• At 1:45 PM, Anonymous kneurotyk said…

    I so empathize with your plight. I have a child who's probably not gifted -- he's in private school and that distinction is not made -- and even dealing with his perfectionism and belief that if a thing doesn't come easily, it means you're dumb -- is challenging.

    I work in a school district (special ed), and I so hear you about middle school resources, as well as resources for gifted students. Unfortunately the laws do not support the school districts helping gifted kids in the same way as those who have trouble learning. And that is unfair, and a waste of potential. Helping them through their homework resistance should not be solely a parent's job, just as repetition of basic concepts for mentally retarded children is not just up to mom and dad.

    I don't have any solutions for you, but I do hear you. It is so hard to watch our kids make mistakes in their thinking, especially the ones they got from us. I love how thoughtful you are about all of this.

     
  • At 4:21 PM, Anonymous mischief said…

    Great blog, BA. I so understand all you had to say, and I'm really enjoying reading all of the comments.

    Gifted does not mean easy. But somehow, it's good to know that I'm not alone in all of the challenges.

    Thanks.

    --B--

     
  • At 5:34 PM, Blogger mrinz said…

    Yes it can be a minefield guiding a gifted child through the system. And I am sure that your system will be similar to ours (New Zealand).

    It is a big plus that these days they even HAVE an accelerated learning class! That was not always the case here.

    I have no answers but I can identify with the ups and downs and frustrations.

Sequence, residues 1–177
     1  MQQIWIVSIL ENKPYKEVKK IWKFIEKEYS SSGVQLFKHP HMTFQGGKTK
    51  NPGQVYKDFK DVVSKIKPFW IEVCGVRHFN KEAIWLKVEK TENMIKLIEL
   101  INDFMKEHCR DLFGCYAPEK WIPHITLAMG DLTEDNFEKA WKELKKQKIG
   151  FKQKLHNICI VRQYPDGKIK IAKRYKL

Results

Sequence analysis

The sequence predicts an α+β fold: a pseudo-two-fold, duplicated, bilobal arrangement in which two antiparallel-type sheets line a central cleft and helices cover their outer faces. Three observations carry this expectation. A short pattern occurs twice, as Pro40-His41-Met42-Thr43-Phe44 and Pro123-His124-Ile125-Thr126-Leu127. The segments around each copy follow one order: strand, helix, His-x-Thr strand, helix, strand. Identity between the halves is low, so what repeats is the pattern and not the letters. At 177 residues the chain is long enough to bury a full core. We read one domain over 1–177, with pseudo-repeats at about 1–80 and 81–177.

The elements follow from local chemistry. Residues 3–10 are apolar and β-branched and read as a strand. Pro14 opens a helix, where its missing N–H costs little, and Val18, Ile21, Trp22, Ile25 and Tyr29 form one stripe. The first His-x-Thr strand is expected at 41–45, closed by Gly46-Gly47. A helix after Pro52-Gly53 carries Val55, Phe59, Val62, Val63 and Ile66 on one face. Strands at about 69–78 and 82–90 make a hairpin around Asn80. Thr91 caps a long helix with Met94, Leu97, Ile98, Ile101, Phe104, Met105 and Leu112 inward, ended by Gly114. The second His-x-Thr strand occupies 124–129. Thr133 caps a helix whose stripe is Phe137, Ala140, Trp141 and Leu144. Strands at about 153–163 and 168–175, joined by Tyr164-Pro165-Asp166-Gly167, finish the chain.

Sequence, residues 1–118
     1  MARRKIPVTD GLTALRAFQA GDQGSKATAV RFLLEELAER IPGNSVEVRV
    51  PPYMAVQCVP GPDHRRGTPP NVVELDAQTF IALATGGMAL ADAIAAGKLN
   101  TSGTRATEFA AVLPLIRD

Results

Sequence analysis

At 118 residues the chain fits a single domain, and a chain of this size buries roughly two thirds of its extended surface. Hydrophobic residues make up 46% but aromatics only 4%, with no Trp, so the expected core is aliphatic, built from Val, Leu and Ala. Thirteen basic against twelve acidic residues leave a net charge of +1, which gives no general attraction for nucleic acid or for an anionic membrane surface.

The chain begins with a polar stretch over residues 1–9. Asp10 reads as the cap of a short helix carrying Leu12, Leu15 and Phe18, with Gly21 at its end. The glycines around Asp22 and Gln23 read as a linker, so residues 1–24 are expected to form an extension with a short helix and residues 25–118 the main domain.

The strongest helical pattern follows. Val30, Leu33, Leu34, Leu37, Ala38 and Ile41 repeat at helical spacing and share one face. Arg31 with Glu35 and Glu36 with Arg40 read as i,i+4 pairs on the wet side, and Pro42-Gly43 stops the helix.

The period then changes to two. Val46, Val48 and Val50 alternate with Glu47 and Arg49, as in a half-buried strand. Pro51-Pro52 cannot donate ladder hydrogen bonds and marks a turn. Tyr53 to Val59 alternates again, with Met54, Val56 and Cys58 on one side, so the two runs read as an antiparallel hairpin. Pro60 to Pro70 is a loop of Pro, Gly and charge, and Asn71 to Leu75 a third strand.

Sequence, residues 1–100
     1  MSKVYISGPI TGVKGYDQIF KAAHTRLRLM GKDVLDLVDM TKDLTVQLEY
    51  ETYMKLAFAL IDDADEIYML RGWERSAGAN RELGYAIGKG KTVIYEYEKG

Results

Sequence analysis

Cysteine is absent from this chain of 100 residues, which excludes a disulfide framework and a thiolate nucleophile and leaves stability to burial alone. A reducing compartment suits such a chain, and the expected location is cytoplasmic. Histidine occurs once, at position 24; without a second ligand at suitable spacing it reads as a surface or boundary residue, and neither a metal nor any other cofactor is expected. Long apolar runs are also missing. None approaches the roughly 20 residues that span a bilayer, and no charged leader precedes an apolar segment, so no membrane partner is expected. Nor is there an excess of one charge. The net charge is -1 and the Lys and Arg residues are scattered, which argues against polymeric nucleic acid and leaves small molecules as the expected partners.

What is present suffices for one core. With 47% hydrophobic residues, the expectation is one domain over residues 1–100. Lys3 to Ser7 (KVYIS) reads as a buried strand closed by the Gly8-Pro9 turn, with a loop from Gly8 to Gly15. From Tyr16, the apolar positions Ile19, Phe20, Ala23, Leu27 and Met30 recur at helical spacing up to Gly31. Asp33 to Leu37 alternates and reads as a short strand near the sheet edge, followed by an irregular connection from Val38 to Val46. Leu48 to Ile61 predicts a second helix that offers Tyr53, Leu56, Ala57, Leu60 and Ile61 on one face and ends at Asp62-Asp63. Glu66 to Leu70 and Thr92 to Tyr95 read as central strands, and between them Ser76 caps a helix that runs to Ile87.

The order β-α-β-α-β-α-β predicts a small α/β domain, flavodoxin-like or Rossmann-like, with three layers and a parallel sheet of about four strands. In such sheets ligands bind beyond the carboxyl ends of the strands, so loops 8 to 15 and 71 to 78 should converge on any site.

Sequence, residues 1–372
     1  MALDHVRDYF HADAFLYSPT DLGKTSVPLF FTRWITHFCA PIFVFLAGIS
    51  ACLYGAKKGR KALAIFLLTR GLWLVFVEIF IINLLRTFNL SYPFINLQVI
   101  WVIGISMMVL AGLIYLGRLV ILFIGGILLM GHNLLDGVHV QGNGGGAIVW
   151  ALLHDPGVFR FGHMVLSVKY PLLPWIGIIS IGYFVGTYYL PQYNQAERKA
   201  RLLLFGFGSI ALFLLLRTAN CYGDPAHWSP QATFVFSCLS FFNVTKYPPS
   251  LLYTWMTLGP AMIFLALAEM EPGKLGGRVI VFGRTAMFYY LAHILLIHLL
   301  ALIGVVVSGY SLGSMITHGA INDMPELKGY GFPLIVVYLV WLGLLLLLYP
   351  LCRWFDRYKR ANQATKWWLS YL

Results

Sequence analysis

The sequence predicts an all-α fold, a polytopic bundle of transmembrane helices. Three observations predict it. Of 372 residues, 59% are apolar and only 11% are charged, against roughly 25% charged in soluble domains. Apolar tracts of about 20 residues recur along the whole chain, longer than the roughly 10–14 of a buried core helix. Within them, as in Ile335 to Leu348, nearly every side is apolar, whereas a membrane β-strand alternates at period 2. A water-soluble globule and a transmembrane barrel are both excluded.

One of our sons was throwing paper darts around in his fourth form maths class. I was able to persuade the teachers to consider and implement some extension classes and his behaviour changed overnight.

     
  • At 12:01 PM, Blogger JMC said…

    I'm having the same problem with my oldest, who is in the 8th grade. The next two in line are just as bright, if not more so, but my second one is very responsible, so I don't foresee too many issues with her. My third, however, is 4, already can do third grade level math and reading, and is trouble with a capital T. I'm dreading the middle school years with her. When I was pregnant with #4, I said to my husband, "Maybe we could get a not so bright one this time. Normal would be nice." That one just turned one, so the intelligence level remains to be seen.

    There's an interesting book called "The Edison Trait," that is all about the way gifted kids think. I don't know if it's still in print; I stumbled across it on a bargain table several years ago.

     
  • At 3:34 PM, Blogger Cathy said…

    Amen to the hazard pay.

    Also, I agree that he's so very lucky to have you.

     
  • At 9:56 PM, Anonymous Gurukarm said…

    Margalit's comment - and pain - really struck me. I have a niece/ex-foster daughter who is really extremely smart, and never ever could "do" school. She was reasonably successful in the Montessori school she attended up through 5th grade, but after that, went from one school to another to another - and finally dropped out at 16 when the high school was going to make her repeat 9th grade, not for failing, but simply for missing too many days of school (by about 3 or 4) - this was also in MA, btw.

    A very very high-energy, high metabolism kid, she went to work as a waitress and started saving her money. After several months she took the test for her GED (without studying!) and passed with flying colors, then entered community college where she's doing fine.

    What she needed was school on HER terms - she has to take responsibility to show up, do the work, turn it in - no one else is pushing her, no one cares if she does or she doesn't, so if she wants to make it, she does it on her own. She's getting ready to transfer to a 4-year school and I have every confidence she'll do great.

    All this to say, perhaps your son, margalit, is not a hopeless case for college - when he has a chance to take responsibility for himself, perhaps he will do so. I hope so for you and for him!

    And, oh, BA - thanks for a great post, and my hopes and thoughts are with you and your son for his success as well.